Phosphorescent organic light emitting diodes have attracted tremendous attention among the scientists due to their excessive potential in both solid-state lighting and flat-panel presentations. Some of phosphorescent organic compounds are blue organic emitters, although a few of them can be used in organic lighting emitting diodes (OLEDs) . Tri- and tetra-substituted imidazoles , especially phenanthro[9,10-d]imidazole derivatives exhibit good electron injection and transport ability, high luminance intensity, therefore, they are good candidates for OLEDs . Because of their industrial applications, introducing an economical synthetic procedure is essential for preparation of phenanthro[9,10-d]imidazole derivatives .
So far, a few methods were published for the synthesis of phenanthro[9,10-d]imidazole derivatives; Jawaharmal and coworkers performed the synthesis in glacial acetic acid as solvent within 3 h  while Mukhopadhyay used mercaptopropylsilica (MPS) used as a catalyst in a mixture of water and methanol . In many publications, phenanthro[9,10-d]imidazole derivatives were prepared and used as the intermediate for the synthesis of modified electroluminescent materials or OLED [7-12].
After discovering the Santa Barbara Amorphous (SBA-15) by Zhao and coworkers , it was extensively used as a good substrate for loading drugs , organic compounds [15, 16], and metal cations . The modified SBA-15 can be used in different fields of research such as catalysis [18-20], detection of heavy metals [21, 22], absorption [23-25], and so on. Sulfonic acid functionalized SBA-15 (SBA-Pr-SO3H), as a heterogeneous solid acid catalyst, has been applied in several one-pot syntheses [26, 27]. Therefore, herein we want to report the role of SBA-Pr-SO3H as a highly efficient heterogeneous acid catalyst in the efficient synthesis of phenanthro[9,10-d]imidazole derivatives via a one-pot four-component reaction.
The chemicals employed in this work were obtained from Merck Company and used with no purifications. Infrared (IR) spectra were recorded on KBr disks using a FT-IR Bruker Tensor 27 instrument. Melting points of the products were measured by using the capillary tube method with an Electro thermal 9200 apparatus. The 1H NMR and 13C NMR spectra were obtained by the use of a Bruker 250 MHz and 62.5 MHz, respectively, in either DMSO-d6 or CDCl3 solution. Mass spectra data were achieved by using a Network mass selective detector 5973 (Agilent) instrument.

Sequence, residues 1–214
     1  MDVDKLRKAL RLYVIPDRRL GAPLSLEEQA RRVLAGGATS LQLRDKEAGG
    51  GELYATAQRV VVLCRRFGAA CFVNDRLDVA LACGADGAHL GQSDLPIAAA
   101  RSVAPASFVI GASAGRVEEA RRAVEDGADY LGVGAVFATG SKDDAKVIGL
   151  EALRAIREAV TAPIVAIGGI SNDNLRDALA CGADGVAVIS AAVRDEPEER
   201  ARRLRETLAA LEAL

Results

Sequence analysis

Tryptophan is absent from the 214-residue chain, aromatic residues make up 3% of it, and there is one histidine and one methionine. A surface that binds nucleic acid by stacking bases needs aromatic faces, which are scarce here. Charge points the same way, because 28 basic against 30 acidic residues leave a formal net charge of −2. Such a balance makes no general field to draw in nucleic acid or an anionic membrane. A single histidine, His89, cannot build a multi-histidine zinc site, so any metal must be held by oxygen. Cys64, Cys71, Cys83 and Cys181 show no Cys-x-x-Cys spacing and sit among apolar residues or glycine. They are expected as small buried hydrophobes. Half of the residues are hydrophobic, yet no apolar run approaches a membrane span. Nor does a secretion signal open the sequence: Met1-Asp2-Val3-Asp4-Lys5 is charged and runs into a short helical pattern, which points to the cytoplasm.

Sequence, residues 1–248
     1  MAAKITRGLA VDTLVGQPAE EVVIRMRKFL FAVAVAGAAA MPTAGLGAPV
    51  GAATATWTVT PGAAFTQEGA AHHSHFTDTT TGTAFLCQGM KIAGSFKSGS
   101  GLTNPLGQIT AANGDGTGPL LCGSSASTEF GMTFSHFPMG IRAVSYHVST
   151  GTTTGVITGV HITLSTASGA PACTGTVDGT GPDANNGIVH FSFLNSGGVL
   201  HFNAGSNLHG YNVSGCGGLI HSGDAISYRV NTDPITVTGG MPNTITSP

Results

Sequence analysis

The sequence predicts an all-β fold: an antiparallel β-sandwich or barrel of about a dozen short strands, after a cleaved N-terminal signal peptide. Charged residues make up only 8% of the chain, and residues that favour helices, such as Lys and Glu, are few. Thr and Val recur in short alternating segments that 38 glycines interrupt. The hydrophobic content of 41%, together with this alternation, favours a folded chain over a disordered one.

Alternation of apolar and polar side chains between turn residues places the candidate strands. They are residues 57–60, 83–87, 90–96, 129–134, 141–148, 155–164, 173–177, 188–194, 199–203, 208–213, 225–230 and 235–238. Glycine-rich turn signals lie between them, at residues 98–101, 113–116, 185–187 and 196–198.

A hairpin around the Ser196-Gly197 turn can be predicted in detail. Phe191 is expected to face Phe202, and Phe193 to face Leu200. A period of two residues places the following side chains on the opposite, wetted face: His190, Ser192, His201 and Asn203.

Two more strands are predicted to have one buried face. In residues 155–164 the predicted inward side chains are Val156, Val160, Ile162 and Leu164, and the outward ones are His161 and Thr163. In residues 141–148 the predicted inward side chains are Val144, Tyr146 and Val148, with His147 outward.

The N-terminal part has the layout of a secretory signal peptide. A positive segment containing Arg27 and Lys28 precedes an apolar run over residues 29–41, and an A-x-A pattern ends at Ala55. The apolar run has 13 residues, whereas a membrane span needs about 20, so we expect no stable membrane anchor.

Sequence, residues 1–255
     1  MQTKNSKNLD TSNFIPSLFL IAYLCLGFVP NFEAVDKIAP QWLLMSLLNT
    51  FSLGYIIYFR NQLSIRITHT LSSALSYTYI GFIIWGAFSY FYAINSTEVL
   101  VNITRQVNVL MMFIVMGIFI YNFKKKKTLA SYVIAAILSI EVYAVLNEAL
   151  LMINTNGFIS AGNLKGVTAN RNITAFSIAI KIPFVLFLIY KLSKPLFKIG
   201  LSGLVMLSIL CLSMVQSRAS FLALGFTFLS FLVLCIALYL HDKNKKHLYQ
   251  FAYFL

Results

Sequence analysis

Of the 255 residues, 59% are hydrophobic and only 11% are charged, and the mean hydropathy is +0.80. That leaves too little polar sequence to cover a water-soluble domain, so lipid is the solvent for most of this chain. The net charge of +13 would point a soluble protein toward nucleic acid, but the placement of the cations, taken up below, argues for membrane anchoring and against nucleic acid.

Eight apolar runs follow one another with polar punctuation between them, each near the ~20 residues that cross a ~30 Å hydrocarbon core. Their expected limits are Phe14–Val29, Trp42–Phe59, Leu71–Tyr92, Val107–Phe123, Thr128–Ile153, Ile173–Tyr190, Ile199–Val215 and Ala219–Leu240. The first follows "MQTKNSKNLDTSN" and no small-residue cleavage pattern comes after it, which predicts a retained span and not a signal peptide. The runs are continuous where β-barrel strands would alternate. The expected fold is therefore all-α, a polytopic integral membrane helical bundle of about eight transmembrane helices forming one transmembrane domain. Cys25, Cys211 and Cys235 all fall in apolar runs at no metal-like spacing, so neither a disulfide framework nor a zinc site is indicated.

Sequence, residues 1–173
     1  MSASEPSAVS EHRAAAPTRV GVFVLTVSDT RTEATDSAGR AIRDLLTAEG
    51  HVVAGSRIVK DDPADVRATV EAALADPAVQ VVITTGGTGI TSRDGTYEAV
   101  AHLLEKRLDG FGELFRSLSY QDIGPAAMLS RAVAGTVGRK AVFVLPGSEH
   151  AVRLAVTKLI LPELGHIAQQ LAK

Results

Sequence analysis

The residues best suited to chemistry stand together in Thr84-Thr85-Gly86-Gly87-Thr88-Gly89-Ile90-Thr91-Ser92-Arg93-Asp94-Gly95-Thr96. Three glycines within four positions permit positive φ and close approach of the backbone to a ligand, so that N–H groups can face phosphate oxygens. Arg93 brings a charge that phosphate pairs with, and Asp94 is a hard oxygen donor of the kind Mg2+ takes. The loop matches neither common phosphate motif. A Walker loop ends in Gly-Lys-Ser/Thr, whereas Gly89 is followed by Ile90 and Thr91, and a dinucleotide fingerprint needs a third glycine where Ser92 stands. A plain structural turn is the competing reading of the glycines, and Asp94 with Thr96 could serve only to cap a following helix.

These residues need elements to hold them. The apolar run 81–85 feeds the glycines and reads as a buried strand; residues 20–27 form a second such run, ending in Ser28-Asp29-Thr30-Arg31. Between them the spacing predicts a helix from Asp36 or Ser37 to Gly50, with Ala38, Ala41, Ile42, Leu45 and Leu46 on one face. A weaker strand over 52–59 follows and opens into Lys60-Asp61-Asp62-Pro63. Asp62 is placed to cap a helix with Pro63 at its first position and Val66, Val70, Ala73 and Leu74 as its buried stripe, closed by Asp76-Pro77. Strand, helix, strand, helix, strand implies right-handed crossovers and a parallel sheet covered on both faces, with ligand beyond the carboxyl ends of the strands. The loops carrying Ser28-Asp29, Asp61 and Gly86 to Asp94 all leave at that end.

Preparation of SBA-Pr-SO3H
SBA-15 was prepared according to the previously published article . Afterward, in order to functionalizing it, the calcined SBA-15 (2 g) and (3-mercaptopropyl)trimethoxysilane (10 mL) were treated together under reflux condition in dry toluene (20 mL) for 24 h. Subsequently, the mixture was filtered off and the obtained solid washed well with dichloromethane for 6 h using a soxhlet apparatus, and then dried under reduced pressure. The obtained crude SBA-Pr-SH was oxidized using excess amount of hydrogen peroxide solution in methanol (20 mL) in the presence of H2SO4 (1 drop) at room temperature overnight. The mixture was filtered and washed with water and acetone. The modified SBA-Pr-SO3H was dried and characterized using TGA, XRD, SEM and TEM.
General procedure for the synthesis of phenanthro [9,10-d]imidazole derivatives 5(a–g)
A mixture of 9,10-phenanthraquinone (0.20 g, 1 mmol), aromatic aldehyde (1 mmol), aniline derivative (1.5 mmol), ammonium acetate (0.31 g, 4 mmol), and SBA-Pr-SO3H (0.02 g) was stirred in refluxing acetic acid (3 mL) for about 5-20 min. After completion of the reaction which was traced by TLC technique, acetic acid was evaporated and the crude product was dissolved in ethanol and DMF. Afterward, the solution was filtered for removal of the heterogeneous catalyst, and the filtrate was cooled to afford the pure product. The catalyst was washed subsequently with a diluted acidic solution, distilled water, and then acetone, and then dried under reduced pressure and reused for several times without significant loss of catalytic activity. The physical and spectroscopic data for the new compounds are given below.